SACRAMENTO, Calif., Sept 8 (Reuters) - Vice President Kamala Harris campaigned on Wednesday for embattled California Governor Gavin Newsom, part of a ramped-up effort to save his job from a Republican-led recall by bringing in some of the Democratic Party's biggest names.

Harris, a longtime ally of Newsom, appeared with the governor in San Leandro, near her childhood home of Oakland. Harris previously served as a U.S. senator from California and state attorney general.

She painted the recall, which is backed financially by state and national Republican groups, as part of a broader Republican effort to oust Democrats from power and expand conservative restrictions on voting, abortion and LGBTQ rights.

"They think if they can win in California, they can do this anywhere," Harris told a crowd of supporters and union members. "Well we’ll show them you are not going to get this done – not here – not ever."

Harris praised Newsom's handling of the pandemic and cited his early support for same-sex marriage as mayor of San Francisco.

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President Joe Biden also is expected to campaign for the governor ahead of the election next Tuesday.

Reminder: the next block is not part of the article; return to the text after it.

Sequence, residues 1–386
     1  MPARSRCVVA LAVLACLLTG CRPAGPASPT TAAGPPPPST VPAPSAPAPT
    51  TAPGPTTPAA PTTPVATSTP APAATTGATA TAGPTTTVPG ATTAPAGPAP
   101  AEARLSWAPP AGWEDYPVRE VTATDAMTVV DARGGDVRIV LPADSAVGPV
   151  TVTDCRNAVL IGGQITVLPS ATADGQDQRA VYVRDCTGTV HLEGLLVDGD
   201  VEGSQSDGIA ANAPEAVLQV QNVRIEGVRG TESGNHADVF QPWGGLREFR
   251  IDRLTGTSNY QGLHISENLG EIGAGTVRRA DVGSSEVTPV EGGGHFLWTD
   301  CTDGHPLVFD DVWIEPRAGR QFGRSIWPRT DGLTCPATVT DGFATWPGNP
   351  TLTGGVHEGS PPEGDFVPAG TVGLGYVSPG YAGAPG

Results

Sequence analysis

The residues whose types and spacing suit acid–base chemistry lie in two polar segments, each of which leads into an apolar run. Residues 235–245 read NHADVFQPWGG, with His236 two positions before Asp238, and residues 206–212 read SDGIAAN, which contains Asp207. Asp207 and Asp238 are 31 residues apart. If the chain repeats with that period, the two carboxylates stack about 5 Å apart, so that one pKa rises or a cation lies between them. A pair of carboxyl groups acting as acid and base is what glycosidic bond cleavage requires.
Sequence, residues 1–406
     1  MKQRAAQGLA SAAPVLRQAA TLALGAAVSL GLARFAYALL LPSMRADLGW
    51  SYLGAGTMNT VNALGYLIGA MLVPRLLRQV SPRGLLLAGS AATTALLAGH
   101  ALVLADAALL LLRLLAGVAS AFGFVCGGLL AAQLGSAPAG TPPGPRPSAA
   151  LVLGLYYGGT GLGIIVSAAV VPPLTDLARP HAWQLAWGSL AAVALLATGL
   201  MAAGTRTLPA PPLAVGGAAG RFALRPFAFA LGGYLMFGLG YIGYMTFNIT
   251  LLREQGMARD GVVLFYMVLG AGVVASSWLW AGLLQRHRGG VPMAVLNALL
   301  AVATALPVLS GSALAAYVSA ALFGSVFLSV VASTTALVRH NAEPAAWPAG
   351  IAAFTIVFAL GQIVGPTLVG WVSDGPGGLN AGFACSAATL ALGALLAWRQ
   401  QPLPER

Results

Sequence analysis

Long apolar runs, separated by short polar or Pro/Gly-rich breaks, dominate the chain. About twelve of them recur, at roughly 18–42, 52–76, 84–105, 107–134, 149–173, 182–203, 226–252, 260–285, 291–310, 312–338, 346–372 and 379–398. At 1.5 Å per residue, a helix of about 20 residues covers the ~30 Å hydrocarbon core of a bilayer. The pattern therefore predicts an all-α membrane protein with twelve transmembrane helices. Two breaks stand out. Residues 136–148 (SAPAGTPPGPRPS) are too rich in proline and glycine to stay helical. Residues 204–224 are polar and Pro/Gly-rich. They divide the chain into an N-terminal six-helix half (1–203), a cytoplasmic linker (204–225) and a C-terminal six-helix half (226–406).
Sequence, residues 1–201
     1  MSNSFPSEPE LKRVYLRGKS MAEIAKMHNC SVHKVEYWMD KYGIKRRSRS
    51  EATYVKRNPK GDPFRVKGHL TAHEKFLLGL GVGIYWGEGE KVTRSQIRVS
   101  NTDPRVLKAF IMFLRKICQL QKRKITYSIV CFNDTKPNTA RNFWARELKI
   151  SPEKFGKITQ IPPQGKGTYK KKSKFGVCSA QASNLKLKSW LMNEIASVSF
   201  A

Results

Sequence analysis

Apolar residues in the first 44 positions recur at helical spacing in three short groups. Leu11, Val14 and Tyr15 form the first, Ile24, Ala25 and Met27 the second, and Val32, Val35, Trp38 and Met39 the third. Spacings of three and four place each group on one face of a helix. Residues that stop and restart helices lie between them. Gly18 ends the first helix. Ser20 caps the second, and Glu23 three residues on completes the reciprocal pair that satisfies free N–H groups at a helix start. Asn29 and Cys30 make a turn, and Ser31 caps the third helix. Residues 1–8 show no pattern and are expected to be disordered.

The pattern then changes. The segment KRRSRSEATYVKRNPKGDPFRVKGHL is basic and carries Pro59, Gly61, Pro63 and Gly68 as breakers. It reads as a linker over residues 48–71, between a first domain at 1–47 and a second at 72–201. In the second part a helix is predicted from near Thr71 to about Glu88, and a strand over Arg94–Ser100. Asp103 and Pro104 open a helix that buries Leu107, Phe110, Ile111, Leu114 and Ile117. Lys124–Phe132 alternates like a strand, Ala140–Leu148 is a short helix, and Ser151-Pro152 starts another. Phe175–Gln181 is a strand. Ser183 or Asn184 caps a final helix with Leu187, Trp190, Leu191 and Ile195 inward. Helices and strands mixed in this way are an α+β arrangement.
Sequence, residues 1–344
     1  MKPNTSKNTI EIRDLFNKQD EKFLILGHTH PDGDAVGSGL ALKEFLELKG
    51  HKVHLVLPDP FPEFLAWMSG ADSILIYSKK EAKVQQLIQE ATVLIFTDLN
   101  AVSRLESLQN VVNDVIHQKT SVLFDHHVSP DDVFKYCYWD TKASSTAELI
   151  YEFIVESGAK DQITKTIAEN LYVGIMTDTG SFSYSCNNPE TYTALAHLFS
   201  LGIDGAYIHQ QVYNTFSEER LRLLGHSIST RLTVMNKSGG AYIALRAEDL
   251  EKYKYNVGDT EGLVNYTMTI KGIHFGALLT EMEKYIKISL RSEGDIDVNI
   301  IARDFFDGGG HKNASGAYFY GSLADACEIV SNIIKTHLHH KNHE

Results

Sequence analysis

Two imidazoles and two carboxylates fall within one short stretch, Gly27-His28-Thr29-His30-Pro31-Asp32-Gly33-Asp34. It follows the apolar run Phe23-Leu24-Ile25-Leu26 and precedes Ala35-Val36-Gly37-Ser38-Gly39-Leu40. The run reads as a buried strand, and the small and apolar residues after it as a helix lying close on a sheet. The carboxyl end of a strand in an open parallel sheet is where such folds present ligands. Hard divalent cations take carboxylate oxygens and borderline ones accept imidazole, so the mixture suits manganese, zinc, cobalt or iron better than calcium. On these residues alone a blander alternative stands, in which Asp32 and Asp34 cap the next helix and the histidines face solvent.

The special election on whether to recall Newsom is being held as the country's most-populous state faces an unprecedented onslaught of troubles including wildfires, extreme drought and the ongoing COVID-19 pandemic.

The recall question was placed on the ballot after a petition drive by a conservative group called the Patriot Coalition.

Democrats outnumber Republicans 2-to-1 in the state, and a recent poll by the Public Policy Institute of California showed that 58% of likely voters opposed recalling Newsom, a first-term governor.

But complacency among Democrats could tilt the election toward Republicans, who are more motivated to vote by their opposition to Newsom's progressive policies on immigration and crime.

The Democratic governor's decision to shut down in-person schooling during the worst of the pandemic, as well as mask and vaccination mandates, has also angered some conservatives.

On Wednesday, the firm Political Data Intelligence released data on early returns that showed Democrats were sending mail-in ballots at more than twice the rate of Republicans.

Many Republicans no longer trust mail-in voting after former President Donald Trump's false claims about voter fraud in the 2020 presidential election, a hesitancy the party is trying to counter.

Experts say more Republicans may vote this week as early, in-person voting begins or on Election Day next Tuesday, possibly giving them an edge.

(Reporting by Sharon Bernstein; Editing by Colleen Jenkins and Peter Cooney)